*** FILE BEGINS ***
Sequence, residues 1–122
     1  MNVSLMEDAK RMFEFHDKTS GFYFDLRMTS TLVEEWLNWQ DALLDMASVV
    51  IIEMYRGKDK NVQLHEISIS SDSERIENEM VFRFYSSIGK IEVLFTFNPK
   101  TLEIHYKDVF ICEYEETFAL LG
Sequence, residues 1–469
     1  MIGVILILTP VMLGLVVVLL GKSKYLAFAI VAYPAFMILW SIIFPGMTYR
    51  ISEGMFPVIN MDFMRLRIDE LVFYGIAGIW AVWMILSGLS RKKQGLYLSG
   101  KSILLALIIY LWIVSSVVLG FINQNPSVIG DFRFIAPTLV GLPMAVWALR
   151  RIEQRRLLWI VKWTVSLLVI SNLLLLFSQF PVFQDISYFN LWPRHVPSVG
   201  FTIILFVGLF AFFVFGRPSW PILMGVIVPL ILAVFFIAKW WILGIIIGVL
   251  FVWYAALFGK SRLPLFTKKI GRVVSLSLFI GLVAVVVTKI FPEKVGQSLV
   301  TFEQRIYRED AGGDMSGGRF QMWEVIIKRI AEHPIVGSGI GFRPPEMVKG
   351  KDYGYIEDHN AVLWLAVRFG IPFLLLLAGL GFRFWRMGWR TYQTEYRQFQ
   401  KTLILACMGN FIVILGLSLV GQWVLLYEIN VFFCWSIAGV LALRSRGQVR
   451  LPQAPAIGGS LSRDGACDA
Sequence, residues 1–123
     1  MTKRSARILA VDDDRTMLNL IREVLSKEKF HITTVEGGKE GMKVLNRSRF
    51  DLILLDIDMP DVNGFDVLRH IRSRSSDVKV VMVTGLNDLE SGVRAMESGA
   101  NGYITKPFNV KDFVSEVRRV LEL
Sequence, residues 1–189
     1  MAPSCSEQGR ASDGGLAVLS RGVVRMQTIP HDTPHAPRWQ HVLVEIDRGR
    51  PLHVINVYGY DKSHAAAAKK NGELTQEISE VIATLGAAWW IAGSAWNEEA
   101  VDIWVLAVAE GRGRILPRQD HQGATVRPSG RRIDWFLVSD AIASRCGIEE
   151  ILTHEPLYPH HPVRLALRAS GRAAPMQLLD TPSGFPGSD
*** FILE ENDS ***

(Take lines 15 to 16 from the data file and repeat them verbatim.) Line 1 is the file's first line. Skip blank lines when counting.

   451  LPQAPAIGGS LSRDGACDA
Sequence, residues 1–123